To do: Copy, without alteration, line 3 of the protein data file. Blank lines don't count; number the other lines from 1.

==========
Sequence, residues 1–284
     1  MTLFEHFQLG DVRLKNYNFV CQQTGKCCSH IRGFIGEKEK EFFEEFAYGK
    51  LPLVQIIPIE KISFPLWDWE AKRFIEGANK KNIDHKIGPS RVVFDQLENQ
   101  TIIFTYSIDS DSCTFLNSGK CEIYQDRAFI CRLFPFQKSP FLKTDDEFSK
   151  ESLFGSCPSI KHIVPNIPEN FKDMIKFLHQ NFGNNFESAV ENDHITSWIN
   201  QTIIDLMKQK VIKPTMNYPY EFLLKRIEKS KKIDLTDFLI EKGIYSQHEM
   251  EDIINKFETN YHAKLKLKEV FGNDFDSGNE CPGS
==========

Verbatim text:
    51  LPLVQIIPIE KISFPLWDWE AKRFIEGANK KNIDHKIGPS RVVFDQLENQ